# Kinematic equation question help

1. Sep 6, 2015

### LeHotDoge

1. The problem statement, all variables and given/known data
Picture yourself in the castle of Helm's Deep from the Lord of the Rings. You are on top of the castle wall and are dropping rocks on assorted monsters that are 19.10 m below you. Just when you release a rock, an archer located exactly below you shoots an arrow straight up toward you with an initial velocity of 45.0 m/s. The arrow hits the rock in midair. How long after you release the rock does this happen?

2. Relevant equations
delta x = vot + at^2

v=vo+at

v^2=vo^2+2a(delta x)

3. The attempt at a solution
the initial velocity of the rock is 0, the acceleration of the rock is -9.8 m/s^2, the total displacement is -19.10 m.
delta x = vot + at^2
-19.10 = 0 + (-9.8)(t)^2
1.948 = t^2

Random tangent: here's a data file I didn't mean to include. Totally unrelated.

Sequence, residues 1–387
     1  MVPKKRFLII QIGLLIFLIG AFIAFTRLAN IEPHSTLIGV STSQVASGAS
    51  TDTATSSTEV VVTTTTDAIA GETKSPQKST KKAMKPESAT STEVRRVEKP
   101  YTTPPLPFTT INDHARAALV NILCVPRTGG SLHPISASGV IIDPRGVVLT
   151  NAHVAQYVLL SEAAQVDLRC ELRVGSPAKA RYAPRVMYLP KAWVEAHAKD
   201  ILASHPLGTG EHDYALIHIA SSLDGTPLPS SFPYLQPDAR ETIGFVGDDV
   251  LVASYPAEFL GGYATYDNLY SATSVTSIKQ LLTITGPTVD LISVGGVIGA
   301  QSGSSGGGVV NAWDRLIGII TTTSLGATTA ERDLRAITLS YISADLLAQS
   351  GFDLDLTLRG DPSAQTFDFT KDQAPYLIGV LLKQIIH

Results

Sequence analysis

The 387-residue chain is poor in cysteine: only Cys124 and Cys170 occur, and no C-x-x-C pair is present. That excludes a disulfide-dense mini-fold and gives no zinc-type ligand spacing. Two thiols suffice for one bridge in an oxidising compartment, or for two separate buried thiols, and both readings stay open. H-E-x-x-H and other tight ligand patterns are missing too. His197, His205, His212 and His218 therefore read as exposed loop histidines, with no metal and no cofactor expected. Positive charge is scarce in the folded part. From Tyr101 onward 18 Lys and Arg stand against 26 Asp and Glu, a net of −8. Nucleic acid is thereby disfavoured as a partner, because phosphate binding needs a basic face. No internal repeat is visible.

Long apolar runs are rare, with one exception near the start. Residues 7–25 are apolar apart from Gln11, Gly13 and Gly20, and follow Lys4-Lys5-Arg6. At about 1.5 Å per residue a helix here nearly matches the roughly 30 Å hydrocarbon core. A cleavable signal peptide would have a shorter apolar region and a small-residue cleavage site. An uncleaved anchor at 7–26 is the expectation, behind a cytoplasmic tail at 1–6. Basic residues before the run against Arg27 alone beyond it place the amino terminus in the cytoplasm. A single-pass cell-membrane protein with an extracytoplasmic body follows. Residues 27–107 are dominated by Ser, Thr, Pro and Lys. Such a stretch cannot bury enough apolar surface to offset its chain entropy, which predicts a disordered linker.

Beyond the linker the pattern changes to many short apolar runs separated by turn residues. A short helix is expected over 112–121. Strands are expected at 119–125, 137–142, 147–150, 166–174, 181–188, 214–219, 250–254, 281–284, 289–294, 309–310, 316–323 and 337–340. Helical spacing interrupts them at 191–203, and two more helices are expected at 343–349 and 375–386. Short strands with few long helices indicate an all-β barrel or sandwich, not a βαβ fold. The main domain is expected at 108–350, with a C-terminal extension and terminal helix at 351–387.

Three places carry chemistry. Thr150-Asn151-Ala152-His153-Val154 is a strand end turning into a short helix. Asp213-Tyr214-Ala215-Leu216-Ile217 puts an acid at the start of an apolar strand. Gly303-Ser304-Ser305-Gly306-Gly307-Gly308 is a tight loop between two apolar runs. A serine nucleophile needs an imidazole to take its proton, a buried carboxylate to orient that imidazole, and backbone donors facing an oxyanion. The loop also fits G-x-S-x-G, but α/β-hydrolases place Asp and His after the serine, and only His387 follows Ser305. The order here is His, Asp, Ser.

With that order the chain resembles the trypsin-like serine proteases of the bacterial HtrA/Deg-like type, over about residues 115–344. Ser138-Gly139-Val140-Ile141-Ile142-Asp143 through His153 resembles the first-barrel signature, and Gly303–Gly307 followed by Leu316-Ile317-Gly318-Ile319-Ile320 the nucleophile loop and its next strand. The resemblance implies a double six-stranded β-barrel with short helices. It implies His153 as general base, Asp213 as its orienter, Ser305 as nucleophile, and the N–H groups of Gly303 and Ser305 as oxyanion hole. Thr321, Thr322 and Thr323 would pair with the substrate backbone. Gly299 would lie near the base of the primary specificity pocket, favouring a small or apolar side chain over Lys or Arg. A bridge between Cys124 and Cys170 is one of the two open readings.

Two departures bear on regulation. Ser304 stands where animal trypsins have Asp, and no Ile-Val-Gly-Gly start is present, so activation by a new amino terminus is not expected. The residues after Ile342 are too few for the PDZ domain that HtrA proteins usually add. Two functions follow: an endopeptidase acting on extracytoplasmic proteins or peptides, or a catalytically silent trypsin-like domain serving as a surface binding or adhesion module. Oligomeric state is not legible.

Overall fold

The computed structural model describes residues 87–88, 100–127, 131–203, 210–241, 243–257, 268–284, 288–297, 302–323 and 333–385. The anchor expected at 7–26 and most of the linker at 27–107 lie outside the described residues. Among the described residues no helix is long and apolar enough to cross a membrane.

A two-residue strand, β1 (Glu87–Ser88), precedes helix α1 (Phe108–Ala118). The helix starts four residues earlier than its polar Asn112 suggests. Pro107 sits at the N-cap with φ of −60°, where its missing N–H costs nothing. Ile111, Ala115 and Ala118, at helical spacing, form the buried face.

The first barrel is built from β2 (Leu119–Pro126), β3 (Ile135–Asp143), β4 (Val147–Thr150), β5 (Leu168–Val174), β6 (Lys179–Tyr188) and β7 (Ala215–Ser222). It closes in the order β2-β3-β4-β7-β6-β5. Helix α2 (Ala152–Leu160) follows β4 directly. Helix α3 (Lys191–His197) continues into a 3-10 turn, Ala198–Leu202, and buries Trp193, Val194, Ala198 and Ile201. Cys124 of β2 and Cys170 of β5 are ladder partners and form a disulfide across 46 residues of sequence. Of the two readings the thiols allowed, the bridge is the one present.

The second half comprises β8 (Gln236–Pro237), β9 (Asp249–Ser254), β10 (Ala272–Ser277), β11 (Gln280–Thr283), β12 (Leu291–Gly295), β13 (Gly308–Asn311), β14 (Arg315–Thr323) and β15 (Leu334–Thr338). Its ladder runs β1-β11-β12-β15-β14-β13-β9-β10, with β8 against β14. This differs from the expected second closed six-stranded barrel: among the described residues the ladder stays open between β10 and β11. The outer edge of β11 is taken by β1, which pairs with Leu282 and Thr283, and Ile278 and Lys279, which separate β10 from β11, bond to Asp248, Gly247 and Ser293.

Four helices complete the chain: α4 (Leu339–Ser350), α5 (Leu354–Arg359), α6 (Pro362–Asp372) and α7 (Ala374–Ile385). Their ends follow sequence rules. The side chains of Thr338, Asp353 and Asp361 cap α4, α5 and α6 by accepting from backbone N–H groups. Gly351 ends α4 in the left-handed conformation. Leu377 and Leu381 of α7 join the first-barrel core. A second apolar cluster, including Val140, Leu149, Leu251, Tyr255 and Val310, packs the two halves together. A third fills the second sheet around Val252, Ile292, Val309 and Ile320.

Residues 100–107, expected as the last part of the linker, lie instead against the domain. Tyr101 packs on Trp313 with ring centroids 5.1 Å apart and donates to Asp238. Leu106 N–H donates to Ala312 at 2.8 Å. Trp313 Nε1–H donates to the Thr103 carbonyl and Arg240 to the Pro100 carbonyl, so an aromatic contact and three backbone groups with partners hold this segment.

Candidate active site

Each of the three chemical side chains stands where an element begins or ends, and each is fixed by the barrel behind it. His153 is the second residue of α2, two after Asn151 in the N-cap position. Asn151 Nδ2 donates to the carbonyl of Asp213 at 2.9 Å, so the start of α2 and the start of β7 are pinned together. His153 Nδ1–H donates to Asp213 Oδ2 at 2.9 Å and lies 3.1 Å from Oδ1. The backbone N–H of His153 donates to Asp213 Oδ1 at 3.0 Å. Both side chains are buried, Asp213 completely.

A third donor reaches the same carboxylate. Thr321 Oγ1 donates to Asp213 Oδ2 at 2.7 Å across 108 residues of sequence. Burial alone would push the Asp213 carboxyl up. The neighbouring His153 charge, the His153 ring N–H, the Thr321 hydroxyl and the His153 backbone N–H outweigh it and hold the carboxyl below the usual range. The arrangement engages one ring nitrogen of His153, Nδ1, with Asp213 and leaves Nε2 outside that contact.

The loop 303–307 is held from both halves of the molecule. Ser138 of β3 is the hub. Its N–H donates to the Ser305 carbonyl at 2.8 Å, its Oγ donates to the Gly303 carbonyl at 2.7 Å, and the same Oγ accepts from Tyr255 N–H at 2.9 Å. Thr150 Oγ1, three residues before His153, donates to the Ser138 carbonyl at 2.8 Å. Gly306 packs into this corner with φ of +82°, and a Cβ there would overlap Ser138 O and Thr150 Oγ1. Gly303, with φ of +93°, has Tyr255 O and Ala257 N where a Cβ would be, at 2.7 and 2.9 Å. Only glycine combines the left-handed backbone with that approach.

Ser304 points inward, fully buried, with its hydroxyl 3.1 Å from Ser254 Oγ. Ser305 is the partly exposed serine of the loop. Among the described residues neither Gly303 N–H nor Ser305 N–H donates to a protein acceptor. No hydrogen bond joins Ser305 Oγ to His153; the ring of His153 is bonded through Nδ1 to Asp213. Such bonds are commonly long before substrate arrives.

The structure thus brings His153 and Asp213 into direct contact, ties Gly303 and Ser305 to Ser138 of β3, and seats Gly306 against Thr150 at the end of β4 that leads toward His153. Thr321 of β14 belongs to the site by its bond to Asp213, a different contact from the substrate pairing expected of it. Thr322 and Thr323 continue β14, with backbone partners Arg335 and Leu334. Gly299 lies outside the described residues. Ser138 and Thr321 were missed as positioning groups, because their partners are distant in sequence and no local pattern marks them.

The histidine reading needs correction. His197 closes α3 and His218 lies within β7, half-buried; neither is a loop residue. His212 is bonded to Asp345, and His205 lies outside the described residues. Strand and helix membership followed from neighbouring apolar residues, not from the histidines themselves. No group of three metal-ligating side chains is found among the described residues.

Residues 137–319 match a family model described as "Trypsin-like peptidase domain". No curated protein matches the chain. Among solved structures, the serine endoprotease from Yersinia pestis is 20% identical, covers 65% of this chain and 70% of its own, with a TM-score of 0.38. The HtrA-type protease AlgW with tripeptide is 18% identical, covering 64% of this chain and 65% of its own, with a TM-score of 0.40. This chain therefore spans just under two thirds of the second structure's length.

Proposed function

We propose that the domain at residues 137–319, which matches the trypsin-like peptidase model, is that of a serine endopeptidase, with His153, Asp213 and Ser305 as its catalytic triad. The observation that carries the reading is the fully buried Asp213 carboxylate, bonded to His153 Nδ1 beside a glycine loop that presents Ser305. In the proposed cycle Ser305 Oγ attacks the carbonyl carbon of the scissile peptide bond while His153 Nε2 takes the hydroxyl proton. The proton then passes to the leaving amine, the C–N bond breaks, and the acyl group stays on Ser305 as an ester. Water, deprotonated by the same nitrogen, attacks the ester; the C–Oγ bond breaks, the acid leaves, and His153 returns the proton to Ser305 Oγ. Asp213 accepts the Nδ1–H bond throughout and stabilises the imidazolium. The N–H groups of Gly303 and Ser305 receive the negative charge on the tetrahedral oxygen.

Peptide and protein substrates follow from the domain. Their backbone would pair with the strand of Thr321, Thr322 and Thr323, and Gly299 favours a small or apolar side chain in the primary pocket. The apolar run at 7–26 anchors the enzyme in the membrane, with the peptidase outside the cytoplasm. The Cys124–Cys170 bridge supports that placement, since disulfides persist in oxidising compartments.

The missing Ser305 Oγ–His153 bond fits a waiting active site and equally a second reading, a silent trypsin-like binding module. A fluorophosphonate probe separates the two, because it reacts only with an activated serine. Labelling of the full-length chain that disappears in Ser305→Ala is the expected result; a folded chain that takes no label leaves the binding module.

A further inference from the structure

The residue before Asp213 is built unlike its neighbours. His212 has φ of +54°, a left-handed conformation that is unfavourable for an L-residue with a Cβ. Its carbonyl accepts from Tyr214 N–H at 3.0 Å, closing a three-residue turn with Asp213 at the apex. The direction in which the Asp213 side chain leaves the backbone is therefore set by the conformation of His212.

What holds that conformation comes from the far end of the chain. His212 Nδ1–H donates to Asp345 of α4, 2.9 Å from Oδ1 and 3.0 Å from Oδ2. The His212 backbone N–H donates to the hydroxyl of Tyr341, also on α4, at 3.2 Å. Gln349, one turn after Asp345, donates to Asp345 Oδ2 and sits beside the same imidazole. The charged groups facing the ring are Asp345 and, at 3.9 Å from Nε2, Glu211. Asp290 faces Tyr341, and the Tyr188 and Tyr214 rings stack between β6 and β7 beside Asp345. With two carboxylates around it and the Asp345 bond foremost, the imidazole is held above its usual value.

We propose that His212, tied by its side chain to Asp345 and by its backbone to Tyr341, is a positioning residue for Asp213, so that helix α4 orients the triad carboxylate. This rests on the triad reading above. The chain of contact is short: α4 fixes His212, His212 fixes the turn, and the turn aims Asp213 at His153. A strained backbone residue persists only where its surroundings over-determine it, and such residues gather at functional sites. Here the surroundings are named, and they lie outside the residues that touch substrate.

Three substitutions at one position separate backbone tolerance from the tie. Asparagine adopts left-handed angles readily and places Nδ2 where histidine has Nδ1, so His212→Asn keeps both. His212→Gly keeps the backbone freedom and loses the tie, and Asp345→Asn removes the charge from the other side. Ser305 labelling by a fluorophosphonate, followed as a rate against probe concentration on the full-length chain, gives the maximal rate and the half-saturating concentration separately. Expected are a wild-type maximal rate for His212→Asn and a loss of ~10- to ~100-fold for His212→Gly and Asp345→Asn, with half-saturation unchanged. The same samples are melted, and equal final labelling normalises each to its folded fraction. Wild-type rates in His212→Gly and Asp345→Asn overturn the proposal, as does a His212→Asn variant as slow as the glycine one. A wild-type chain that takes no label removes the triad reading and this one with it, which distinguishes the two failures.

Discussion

t for rock =1.395 s
the initial velocity of the arrow is 45 m/s, the total displacement is 19.10m, and the acceleration is -9.8m/s^2
delta x = vot + at^2
19.10 = (45)(t) + at^2
19.10-45t=at^2
19.10-45=at
-25.9=(-9.8)(t)
2.642=t for arrow
t for arrow - t for rock = ammount of time before they meet
2.642 s - 1.395 s = 1.247s

2. Sep 7, 2015

### Orodruin

Staff Emeritus
No, you cannot do it this way. The rock will not fall all the way before hitting the arrow and the arrow will not go all the way up before hitting the rock. Furthermore, the times they both take from being released until hitting each other must be the same, since they are released simultaneously and hit each other simultaneously.

In addition, your arithmetic for the solutions is also wrong. In particular that for the arrow:

3. Sep 7, 2015

### LeHotDoge

Thank you for responding, I realise my solution is wrong, that is why I posted here.

4. Sep 7, 2015

### ehild

The equation is wrong. Check.

5. Sep 7, 2015

### Orodruin

Staff Emeritus
So based on the comments you have received so far, how would you change it?

If you are looking for someone to give you a solution, this is not how we operate at Physics Forums. We believe it is much more effective learning if you do the problem yourself based on hints from helpers.